Citing the risks of further delay, Jordan's King Abdullah II said Wednesday the United States must take the lead in creating conditions for a permanent peace between Israel and the Palestinians.
Speaking to a joint meeting of Congress, Abdullah said that history has shown no progress in Middle East peacemaking is possible without American leadership.
"We look to you to play a historic role," he said, adding that results are needed "not in one year or five years but this year."
"No more bloodshed, no more lives pointlessly taken," Abdullah declared.
He speech, lasting just under a half hour, was delivered in flawless English, with only an occasional aside in Arabic. He was interrupted a number of times by applause.
His remarks were limited almost entirely to the Israeli-Palestinian conflict.
Abdullah made no direct reference to Hamas, to the current divisions in the Palestinian leadership or to recent efforts by Secretary of State Condoleezza Rice to revive peace efforts.
Instead, he spoke of the suffering that both Israelis and Palestinians have suffered. At one point, he lamented "the 40 years of occupation" that he said Palestinians have endured.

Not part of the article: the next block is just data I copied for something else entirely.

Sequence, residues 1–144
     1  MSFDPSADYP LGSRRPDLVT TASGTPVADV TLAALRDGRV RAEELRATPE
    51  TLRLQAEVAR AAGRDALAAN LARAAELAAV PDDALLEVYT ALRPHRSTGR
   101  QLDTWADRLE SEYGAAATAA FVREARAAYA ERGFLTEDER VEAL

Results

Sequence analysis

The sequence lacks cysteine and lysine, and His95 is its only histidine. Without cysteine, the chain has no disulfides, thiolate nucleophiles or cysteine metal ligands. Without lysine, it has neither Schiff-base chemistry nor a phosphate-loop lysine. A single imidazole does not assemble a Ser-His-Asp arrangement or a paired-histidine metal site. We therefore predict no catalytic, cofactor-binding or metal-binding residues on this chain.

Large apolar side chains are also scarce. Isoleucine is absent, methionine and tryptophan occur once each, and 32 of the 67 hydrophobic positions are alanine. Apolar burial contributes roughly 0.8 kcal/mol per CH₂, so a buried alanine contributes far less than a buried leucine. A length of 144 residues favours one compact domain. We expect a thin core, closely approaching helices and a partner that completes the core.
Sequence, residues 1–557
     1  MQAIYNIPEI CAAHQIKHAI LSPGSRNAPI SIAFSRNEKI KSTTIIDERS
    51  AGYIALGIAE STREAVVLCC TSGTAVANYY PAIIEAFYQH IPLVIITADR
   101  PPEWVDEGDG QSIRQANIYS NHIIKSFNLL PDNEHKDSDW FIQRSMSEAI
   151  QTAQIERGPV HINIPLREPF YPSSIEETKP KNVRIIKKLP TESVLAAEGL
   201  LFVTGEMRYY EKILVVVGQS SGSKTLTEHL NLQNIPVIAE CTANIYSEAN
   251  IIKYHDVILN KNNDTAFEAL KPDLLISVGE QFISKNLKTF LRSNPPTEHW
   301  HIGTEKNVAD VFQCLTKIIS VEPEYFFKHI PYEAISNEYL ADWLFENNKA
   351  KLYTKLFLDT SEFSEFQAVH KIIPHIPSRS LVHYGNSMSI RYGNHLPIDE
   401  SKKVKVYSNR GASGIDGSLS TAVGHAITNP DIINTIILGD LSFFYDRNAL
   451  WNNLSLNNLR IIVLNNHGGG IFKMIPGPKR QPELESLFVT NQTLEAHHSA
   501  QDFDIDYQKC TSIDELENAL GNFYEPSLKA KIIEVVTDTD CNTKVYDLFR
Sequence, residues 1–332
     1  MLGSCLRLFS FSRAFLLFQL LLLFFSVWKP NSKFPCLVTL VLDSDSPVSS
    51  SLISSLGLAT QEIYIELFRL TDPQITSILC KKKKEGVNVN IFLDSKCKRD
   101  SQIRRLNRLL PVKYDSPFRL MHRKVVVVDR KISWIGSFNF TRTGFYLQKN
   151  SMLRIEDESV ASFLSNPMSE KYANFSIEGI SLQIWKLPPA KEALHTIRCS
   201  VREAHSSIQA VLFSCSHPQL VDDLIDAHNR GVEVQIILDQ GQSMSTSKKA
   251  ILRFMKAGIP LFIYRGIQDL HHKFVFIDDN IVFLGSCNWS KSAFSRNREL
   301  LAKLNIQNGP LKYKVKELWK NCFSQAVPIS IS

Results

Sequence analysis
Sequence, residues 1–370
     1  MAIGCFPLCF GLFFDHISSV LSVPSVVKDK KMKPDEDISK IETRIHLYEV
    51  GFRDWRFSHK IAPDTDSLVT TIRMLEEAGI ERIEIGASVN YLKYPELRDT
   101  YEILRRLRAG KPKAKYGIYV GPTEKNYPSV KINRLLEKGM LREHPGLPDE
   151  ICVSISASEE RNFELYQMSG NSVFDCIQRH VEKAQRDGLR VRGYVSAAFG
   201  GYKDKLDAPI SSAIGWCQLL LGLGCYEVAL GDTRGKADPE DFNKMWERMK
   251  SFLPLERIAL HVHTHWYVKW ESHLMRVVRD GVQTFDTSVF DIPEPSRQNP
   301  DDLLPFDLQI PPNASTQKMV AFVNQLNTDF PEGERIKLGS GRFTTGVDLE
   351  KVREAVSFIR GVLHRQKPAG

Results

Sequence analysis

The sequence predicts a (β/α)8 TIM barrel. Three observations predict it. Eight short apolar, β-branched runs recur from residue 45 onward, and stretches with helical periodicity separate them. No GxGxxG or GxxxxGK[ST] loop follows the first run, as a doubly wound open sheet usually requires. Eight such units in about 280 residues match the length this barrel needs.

"The goal must be a peace in which all sides gain," he said. "There must be a peace in which Israelis will be part of the neighborhood."
His comments on the Middle East issue before his departure for Washington were far more critical of Israel than the ones he delivered on Wednesday.
Last Friday, he said, "The main responsibility (for achieving peace) lies with Israel, which must choose either to remain a prisoner of the mentality of 'Israel the fortress' or to live in peace and stability with its neighbors."
James Zogby, president of the Arab-American Institute, met with Abdullah after the speech and later issued a statement calling the presentation "smart and courageous."
"It was clear he aggravated some opponents of peace, but what was also clear was that he emboldened and strengthened many in Congress and many more in both the Arab-American and Jewish American communities in their resolve to make peace a reality," Zogby said.